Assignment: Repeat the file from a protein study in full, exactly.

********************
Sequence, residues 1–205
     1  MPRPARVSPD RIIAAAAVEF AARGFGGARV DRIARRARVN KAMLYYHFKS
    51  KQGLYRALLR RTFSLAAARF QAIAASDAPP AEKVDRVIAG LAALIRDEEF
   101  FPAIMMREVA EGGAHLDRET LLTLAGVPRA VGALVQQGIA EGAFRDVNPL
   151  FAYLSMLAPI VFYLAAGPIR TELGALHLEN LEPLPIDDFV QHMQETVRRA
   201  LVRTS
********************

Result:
Sequence, residues 1–205
     1  MPRPARVSPD RIIAAAAVEF AARGFGGARV DRIARRARVN KAMLYYHFKS
    51  KQGLYRALLR RTFSLAAARF QAIAASDAPP AEKVDRVIAG LAALIRDEEF
   101  FPAIMMREVA EGGAHLDRET LLTLAGVPRA VGALVQQGIA EGAFRDVNPL
   151  FAYLSMLAPI VFYLAAGPIR TELGALHLEN LEPLPIDDFV QHMQETVRRA
   201  LVRTS